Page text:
65. Seo Y, Murakami M, Watari H, Imai Y, Yoshizaki K, Nishikawa H, Morimoto T (1983) Intracellular pH determination by a 31P-NMR technique. The second dissociation constant of phosphoric acid in a biological system. J Biochem (Tokyo) 94: 729–734Google Scholar
  66. Seo Y, Murakami M, Matsumoto T, Nishikawa H, Watari H (1987a) Application of aqueous shift reagent, Dy(TTHA), for 23Na NMR studies of exocrine glands. Viabilities of organs perfused with shift reagent. J Magn Reson 72: 341–346CrossRefGoogle Scholar
  67. Seo Y, Murakami M, Matsumoto T, Nishikawa H, Watari H (1987b) Direct measurement of Na influx by 23Na NMR during secretion with acetylcholine in perfused rat mandibular gland. Pflügers Arch 409: 343–348PubMedCrossRefGoogle Scholar
  68. Seo Y, Murakami M, Suzuki E, Watari H (1987c) A new method to discriminate intracellular and extracellular K by 39K NMR without chemical-shift reagents. J Magn Reson 75: 529–533CrossRefGoogle Scholar
  69. Seo Y, Murakami M, Suzuki E, Maeda M, Watari H (1988 a) An experimental approach to 31P spin-lattice relaxation time measurement in biological systems. Magn Reson Med 6: 430–434PubMedCrossRefGoogle Scholar
  70. Seo Y, Steward MC, Mackenzie IS, Case RM (1988 b) Acetylcholine-induced metabolic changes in the perfused rabbit mandibular salivary gland studied by 31P-NMR spectroscopy. Biochim Biophys Acta 971: 289–297PubMedCrossRefGoogle Scholar
  71. Spring KR (1983) Fluid transport by gallbladder epithelium. J Exp Biol 106: 181–194PubMedGoogle Scholar
  72. Steward MC, Garson MJ (1985) Water permeability of Necturus gallbladder epithelial cell membranes measured by nuclear magnetic resonance. J Membr Biol 86: 203–210PubMedCrossRefGoogle Scholar
  73. Steward MC, Seo Y, Case RM (1989) Intracellular pH during secretion in the perfused rabbit mandibular salivary gland measured by 31P NMR spectroscopy. Pflügers Arch 414:200–207PubMedCrossRefGoogle Scholar
  74. Steward MC, Seo Y, Rawlings JM, Mackenzie IS, Case RM (1990) Water permeability of cell membranes in the perfused rabbit mandibular salivary gland measured by 31P NMR spectroscopy (to be published)Google Scholar
  75. Suzuki E, Maeda M, Kuki S, Tsukamoto K, Kawakami T, Seo Y, Murakami M, Watari H (1989) 31P spin-lattice relaxation time measurements in biological systems: heart, liver, kidney and erythrocytes of rat. Jpn J Magn Reson Mea 9: 115–120Google Scholar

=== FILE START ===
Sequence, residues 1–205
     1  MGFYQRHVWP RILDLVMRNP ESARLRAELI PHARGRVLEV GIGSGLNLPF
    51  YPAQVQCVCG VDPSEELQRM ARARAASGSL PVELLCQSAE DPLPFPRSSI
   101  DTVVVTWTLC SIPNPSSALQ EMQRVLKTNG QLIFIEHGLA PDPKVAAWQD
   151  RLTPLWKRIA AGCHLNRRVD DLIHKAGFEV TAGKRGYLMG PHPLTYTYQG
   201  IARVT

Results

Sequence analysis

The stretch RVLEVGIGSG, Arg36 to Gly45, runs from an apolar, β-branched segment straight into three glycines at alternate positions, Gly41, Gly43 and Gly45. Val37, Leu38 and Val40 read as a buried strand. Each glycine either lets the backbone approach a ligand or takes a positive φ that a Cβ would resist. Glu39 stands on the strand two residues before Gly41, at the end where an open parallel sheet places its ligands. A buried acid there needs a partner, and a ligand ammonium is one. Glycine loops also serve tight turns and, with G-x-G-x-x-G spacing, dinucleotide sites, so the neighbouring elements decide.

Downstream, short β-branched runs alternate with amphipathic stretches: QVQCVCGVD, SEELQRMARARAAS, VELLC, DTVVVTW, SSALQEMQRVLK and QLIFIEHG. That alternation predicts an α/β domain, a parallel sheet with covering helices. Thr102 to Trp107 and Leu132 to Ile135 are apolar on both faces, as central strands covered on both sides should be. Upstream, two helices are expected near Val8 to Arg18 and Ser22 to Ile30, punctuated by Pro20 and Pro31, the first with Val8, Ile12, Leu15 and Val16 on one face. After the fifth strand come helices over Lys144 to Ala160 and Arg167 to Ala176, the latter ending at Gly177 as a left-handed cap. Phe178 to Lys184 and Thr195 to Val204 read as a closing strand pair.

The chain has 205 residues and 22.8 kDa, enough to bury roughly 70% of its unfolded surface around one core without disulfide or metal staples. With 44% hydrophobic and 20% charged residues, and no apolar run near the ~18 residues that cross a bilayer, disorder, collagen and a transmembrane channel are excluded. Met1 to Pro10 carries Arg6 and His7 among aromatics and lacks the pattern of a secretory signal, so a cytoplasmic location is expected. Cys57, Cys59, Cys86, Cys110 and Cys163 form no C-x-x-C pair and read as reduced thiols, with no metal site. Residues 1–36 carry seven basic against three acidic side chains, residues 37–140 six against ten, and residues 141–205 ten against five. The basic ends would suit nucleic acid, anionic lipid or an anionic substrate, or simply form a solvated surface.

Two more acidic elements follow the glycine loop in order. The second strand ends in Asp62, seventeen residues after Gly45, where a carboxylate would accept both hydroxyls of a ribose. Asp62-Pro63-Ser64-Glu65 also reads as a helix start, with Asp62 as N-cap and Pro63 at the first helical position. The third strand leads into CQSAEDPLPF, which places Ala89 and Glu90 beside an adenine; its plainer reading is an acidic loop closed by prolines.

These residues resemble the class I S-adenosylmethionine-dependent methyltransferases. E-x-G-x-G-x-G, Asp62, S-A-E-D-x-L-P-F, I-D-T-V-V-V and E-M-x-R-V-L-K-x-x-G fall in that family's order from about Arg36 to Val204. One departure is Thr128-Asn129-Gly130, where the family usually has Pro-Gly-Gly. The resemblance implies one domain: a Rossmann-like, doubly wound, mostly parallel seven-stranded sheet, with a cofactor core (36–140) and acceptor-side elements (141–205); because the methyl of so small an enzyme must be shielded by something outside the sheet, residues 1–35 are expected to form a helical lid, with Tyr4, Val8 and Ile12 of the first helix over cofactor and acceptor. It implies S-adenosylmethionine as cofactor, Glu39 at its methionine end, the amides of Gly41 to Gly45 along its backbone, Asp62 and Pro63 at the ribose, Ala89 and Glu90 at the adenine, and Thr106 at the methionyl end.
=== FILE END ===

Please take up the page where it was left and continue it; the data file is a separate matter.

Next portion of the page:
76. Takami H, Furuya E, Tagawa K, Seo Y, Murakami M, Watari H, Matsuda H, Hirose H, Kawashima Y (1988) NMR-invisible ATP in rat heart and its change in ischemia. J Biochem (Tokyo) 104: 35–39Google Scholar
  77. Takano K, Miyazaki Y, Nakata K, Seo Y, Murakami M, Watari H, Suzuki E, Mandel LJ (1988) 31P-NMR measurement of perfused rat kidney. Jpn J Magn Reson Med 8 S-1: 108Google Scholar
  78. Tamarin A, Sreebny LM (1965) The rat submaxillary salivary gland. A correlative study by light and electron microscopy. J Morphol 117: 295–352PubMedCrossRefGoogle Scholar
  79. Tanaka K, Yamada Y, Shimizu T, Sano F, Abe Z (1974) Fundamental investigations for a non invasive method of tumor detection by nuclear magnetic resonance. Biotelemetry 1: 337–350PubMedGoogle Scholar
  80. Taylor J, Deutsch C (1988) 19F-nuclear magnetic resonance: measurements of [O2] and pH in biological systems. Biophys J 53: 227–233PubMedCrossRefGoogle Scholar
  81. Terroux KG, Sekelj P, Burgen ASV (1959) Oxygen consumption and blood flow in the submaxillary gland of the dog. Can J Biochem Physiol 37: 5–15PubMedCrossRefGoogle Scholar
  82. Tsukamoto K, Murakami M, Seo Y, Watari H, Hironaka T, Oka T (1988) Biliary secretion and energetics of the cold preserved liver measured by means of nuclear magnetic resonance. In: Wong PYD, Young JA (eds) Exocrine secretion. Hong Kong University Press, Hong Kong, pp 195–198Google Scholar
  83. Young JA, Schögel E (1966) Micropuncture investigation of sodium and potassium excretion in rat submaxillary saliva. Pflügers Arch 291: 85–98CrossRefGoogle Scholar
  84. Young JA, Cook DI, Evans LAR, Pirani D (1987) Effects of ion transport inhibition on rat mandibular gland secretion. J Dent Res 66: 531–536PubMedCrossRefGoogle Scholar

Copyright information

© Springer-Verlag Berlin · Heidelberg 1990

Authors and Affiliations

  • M. Murakami
  • Y. Seo
  • M. C. Steward
  • H. Watari

There are no affiliations available

Personalised recommendations